Business Obits, I
At Inc. magazine, where I once worked, it’s always been a foundational belief that readers learn the most important lessons from stories about the successful practices of growing companies. While this may be arguably true (though for a smart analysis of this see The Halo Effect, both book and website), I wondered whether readers would be as just well served with stories of companies that failed. Not necessarily failure in the sense of stupid errors and willful deceit; but simply, companies run by smart people with integrity who, for reasons greater than their enterprise, couldn’t make things work. I wrote the first business obit at Inc, and the magazine continued the tradition for a while. In the meantime I’d like to note two terrific recent obits.
For today, I point to Hanging It Up, a Fortune article by David Whitford, a gifted writer who I had the privilege of working with at Inc. Through a history of graceful work about the human side of enterprise (just do a search of Fortune and Inc.), Whitford has earned himself the reputation as a go-to guy for business stories with color and complexity. His story about the recent closing of one of the last domestic hanger factories is essential reading. Sure, the company erred, but one gets the sense that in the face of the “flat world” described by other writers, this plant was destined to fall prey to larger forces.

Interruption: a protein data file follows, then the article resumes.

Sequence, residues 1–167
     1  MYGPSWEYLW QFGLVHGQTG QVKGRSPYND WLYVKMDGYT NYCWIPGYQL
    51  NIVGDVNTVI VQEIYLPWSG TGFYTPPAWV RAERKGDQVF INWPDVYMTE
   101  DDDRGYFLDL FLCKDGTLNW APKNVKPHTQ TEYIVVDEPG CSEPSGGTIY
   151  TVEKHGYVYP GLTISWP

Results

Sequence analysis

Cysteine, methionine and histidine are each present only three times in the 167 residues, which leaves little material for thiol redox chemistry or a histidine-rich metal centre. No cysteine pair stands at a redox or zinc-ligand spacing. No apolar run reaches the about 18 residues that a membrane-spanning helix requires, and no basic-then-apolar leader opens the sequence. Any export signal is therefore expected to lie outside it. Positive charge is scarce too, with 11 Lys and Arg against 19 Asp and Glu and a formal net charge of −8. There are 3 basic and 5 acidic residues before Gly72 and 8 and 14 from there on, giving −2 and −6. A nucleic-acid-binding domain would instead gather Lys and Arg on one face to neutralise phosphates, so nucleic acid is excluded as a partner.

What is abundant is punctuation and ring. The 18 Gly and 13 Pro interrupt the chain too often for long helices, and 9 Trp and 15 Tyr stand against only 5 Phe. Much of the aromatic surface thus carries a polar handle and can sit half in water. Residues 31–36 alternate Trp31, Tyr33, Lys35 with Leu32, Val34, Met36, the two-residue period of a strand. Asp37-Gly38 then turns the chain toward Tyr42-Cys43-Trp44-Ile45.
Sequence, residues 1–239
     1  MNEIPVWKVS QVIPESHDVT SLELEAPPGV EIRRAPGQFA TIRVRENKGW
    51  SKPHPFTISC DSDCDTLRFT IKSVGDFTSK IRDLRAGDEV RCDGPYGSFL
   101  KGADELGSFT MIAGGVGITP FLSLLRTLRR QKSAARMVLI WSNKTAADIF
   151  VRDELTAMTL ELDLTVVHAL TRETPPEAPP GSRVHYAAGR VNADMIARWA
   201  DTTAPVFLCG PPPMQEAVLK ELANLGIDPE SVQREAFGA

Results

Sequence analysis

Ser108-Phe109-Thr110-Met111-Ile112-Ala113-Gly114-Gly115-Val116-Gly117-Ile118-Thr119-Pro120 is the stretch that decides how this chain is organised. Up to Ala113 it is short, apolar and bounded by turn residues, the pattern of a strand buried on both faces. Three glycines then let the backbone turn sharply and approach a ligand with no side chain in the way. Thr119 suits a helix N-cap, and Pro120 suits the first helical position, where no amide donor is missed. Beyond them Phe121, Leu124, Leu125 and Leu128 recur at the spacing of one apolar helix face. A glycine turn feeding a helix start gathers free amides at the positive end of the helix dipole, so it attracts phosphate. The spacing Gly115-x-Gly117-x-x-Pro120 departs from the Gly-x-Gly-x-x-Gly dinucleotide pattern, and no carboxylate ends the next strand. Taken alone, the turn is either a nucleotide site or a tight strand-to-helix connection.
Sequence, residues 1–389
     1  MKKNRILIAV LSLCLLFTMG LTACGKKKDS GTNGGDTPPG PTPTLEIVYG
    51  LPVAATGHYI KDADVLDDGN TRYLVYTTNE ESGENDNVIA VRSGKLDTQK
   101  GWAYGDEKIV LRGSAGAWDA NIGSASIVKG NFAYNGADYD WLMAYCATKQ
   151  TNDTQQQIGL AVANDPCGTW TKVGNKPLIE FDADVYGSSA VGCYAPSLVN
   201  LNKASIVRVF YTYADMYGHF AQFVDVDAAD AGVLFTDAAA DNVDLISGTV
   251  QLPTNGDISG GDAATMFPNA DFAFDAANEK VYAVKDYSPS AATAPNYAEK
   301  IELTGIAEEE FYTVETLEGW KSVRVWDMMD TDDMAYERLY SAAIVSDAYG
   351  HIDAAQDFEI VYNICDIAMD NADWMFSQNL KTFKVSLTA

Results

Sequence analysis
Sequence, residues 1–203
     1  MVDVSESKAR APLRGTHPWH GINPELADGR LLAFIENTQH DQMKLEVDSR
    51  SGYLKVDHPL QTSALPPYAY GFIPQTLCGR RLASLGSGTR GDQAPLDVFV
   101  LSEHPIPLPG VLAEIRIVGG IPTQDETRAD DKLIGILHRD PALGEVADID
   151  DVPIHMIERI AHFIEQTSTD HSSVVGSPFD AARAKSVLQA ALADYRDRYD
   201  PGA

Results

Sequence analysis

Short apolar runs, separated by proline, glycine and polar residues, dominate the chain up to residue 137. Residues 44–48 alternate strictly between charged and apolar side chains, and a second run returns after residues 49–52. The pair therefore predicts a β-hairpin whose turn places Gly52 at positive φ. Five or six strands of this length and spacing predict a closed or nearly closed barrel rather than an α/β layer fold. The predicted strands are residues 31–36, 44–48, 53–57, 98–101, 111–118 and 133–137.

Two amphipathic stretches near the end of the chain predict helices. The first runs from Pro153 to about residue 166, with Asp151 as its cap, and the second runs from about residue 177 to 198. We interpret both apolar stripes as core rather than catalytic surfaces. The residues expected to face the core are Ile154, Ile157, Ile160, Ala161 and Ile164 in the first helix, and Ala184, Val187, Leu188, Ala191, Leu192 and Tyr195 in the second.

This story doesn’t work too hard on making a global point, however. Rather, it focuses on the messy and somewhat capricious tale of a shuttered factory. It’s all too rare for a reporter covering a “notable” business story to actually go out and talk to shop-floor or other front-line workers. Here’s a great passage from the closing portion of his article.
On my last morning in Monticello, I met Green for coffee at Donna’s Place on Main Street. Green lives with his girlfriend, his daughter, and his 6-month-old grandson. He has small blue eyes, a red goatee, and a jaw that’s clenched most of the time. After 22 years at Laidlaw, Green is collecting unemployment and going to trade school in Janesville, working toward a certificate in industrial maintenance. He’s not learning anything new: it’s just that no one will hire him without the certification. His tuition is covered by a state re-training program, but the unemployment doesn’t cover his bills. “I have a mortgage,” he says, “vehicle payments, heat, electricity. Right now I have a choice of taking [health] insurance or eating”—he’s chuckling—“so I chose eating.”
Great writing relies on clarity, directness, economy of detail, and color. It’s all there.
Next obit: Typo, a forthcoming memoir set in the typesetting industry.
Posted by tom at March 20, 2007 06:36 PM